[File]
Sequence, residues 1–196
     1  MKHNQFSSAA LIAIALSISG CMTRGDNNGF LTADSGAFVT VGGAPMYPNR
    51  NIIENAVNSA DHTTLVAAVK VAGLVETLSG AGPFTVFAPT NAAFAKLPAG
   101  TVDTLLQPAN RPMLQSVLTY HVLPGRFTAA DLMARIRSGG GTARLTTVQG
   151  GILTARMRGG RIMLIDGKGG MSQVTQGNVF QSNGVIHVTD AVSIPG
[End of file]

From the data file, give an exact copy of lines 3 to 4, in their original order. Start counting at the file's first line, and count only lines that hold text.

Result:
    51  NIIENAVNSA DHTTLVAAVK VAGLVETLSG AGPFTVFAPT NAAFAKLPAG
   101  TVDTLLQPAN RPMLQSVLTY HVLPGRFTAA DLMARIRSGG GTARLTTVQG